On Saturday, May 19, 2012, about 100,000 people will gather for the Run for the Black-Eyed Susans, at Pimlico, in Baltimore, Md.
For those in attendance for the second leg of the Triple Crown, as well as many other outdoor sporting events in the East, the sun will shine during much of Saturday.
The storm system responsible for days of rain in some locations along the Atlantic Seaboard during the first part of the week will have moved off the coast just enough for a zone of high pressure to take root.
A frontal system moving into the Midwest this weekend should stop short of the I-95 region.
Most folks should find it comfortable Thursday, Friday and Saturday in the region with high temperatures forecast to be in the 75- to 80-degree range each day. Each of these days should bring rain-free conditions.
Unlike that of Louisville a couple of weeks ago, humidity levels will be rather low for the afternoon hours (dew point temperatures in the 50s) beyond Wednesday.
It may feel a tad warmer in the strong May sunshine, especially if you are out in it for several hours. Winds will be light, generally under 10 mph.
If you plan on enjoying the nearby beaches and bays over the weekend, keep in mind that although water temperatures are running between 3 and 7 degrees higher than normal for this time of the year, they are still cool. Water temperatures range from the 50s off much of New England to the 60s off the mid-Atlantic coast and over much of the Chesapeake Bay. The cool water often exerts an influence on adjacent lands areas.
As far as which horse will win, well we don't offer that kind of advise here. However, according to AccuWeather.com Chief Meteorologist Elliot Abrams, "People will be saying: I'll have another Sunday, just like Friday and Saturday."
Unfortunately, the system offshore may sneak back in from the east later Saturday night and Sunday. If so, clouds will reach part of the I-95 corridor and rain could even reach some coastal areas of the mid-Atlantic.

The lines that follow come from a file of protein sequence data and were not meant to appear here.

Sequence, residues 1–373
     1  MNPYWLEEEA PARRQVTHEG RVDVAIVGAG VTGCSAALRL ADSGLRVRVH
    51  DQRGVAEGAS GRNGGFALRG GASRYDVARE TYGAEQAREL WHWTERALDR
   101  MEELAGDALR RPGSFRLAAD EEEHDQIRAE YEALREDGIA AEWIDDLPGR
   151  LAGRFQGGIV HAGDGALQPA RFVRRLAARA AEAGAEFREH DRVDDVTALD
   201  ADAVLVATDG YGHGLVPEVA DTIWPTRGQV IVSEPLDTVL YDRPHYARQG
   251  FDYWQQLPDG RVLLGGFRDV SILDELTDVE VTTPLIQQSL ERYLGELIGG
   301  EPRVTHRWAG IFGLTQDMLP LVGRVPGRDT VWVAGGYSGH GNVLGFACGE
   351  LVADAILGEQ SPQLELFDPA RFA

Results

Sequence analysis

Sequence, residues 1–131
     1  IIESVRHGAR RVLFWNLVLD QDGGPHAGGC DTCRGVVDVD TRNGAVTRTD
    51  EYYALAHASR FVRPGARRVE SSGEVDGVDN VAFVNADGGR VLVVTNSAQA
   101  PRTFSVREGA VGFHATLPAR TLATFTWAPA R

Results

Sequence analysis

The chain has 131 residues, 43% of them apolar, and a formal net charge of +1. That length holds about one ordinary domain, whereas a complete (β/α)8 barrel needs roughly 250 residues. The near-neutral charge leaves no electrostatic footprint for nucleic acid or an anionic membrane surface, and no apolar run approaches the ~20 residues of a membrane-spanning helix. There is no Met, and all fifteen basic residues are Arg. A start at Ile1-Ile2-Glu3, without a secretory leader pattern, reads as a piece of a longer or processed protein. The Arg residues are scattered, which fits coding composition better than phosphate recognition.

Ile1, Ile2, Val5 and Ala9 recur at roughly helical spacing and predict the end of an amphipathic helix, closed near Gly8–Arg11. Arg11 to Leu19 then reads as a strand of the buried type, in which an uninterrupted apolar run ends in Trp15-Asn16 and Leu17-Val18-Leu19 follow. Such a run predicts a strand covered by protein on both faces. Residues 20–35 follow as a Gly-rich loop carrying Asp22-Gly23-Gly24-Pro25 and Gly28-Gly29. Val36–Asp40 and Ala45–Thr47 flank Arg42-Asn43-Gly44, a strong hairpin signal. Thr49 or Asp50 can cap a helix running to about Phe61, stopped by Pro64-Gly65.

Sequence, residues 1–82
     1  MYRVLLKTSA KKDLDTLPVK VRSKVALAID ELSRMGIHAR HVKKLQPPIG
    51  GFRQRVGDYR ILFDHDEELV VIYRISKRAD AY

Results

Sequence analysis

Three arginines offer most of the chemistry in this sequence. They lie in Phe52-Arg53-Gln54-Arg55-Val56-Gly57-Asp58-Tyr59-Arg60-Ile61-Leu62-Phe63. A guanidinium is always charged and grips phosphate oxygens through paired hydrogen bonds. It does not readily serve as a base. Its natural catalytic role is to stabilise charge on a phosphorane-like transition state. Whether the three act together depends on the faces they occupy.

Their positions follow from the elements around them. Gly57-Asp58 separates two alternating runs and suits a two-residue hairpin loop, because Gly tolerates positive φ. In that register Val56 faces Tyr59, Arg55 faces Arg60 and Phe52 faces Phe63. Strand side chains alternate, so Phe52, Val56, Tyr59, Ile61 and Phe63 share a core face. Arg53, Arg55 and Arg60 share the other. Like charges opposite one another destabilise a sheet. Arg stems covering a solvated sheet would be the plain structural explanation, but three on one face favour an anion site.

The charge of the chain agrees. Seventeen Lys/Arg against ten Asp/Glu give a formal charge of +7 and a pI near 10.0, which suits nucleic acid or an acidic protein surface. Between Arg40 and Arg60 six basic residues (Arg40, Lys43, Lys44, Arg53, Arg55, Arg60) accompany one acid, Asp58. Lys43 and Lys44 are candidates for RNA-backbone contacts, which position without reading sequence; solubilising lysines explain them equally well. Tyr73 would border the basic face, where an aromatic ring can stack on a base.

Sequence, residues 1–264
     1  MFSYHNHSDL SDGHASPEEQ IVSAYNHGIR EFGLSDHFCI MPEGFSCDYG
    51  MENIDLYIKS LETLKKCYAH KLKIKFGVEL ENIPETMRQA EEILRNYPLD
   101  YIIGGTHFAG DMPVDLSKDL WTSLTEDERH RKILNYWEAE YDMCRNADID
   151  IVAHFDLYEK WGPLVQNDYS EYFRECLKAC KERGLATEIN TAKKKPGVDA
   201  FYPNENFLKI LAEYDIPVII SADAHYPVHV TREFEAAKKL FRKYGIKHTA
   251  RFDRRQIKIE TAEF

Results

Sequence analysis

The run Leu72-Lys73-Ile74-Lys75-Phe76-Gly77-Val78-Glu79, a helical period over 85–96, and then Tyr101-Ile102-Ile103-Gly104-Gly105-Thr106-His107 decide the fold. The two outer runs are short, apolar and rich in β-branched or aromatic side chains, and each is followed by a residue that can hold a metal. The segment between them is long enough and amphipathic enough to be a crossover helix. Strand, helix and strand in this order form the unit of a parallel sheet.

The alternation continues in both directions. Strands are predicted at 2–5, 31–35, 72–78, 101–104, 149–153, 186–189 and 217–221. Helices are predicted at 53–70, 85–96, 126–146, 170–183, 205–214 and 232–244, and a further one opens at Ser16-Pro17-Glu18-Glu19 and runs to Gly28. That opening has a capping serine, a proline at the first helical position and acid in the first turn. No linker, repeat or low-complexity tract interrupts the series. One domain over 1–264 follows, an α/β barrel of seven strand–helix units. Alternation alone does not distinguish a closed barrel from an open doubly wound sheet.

A massive area of low pressure will continue to keep much of Europe in a stormy, unsettled pattern through this weekend.
The Blizzard of 2015 took aim at the Northeast Monday into Tuesday, bringing travel to a halt throughout the region, including major metropolitan areas, such as New York City and Boston.
Those in part of northern New England may be reminded of the Blizzard of 2015 early this weekend as a strengthening storm system impacts the region.
A snowstorm will sweep from the Midwest to the Northeast spanning this weekend into Groundhog Day and will cause major travel delays and disruptions to daily activities.
Does winter feel like it is dragging on? These three cultures stay energized and happy during even the stormiest of weathers.
Though Hurricane Odile hit the Cabo San Lucas area less than six months ago, local resorts are ready to welcome an influx of spring breakers as recovery efforts near completion.
Choteau, MN (1989)
Winds gusted to 124 mph.
NY and VT (1990)
Big snowstorm; some amounts: Andover, VT 28 inches Mount Holly, VT 24 inches Utica, NY 17 inches Lowville, NY 14 inches Albany, NY 11 inches Syracuse, NY 11 inches
Central Pacific (1992)
Hurricane Ekeka was churning in the Pacific 1,140 miles south-southwest of Honolulu. Maximum sustained winds of 80 mph with gusts to 100 mph. This was the first central Pacific hurricane on record during January.